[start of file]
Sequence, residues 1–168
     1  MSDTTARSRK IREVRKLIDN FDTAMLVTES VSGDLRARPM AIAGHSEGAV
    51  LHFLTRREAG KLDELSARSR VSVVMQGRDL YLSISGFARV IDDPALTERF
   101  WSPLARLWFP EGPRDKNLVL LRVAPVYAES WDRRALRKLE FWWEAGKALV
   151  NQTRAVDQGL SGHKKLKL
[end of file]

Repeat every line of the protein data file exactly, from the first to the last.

Sequence, residues 1–168
     1  MSDTTARSRK IREVRKLIDN FDTAMLVTES VSGDLRARPM AIAGHSEGAV
    51  LHFLTRREAG KLDELSARSR VSVVMQGRDL YLSISGFARV IDDPALTERF
   101  WSPLARLWFP EGPRDKNLVL LRVAPVYAES WDRRALRKLE FWWEAGKALV
   151  NQTRAVDQGL SGHKKLKL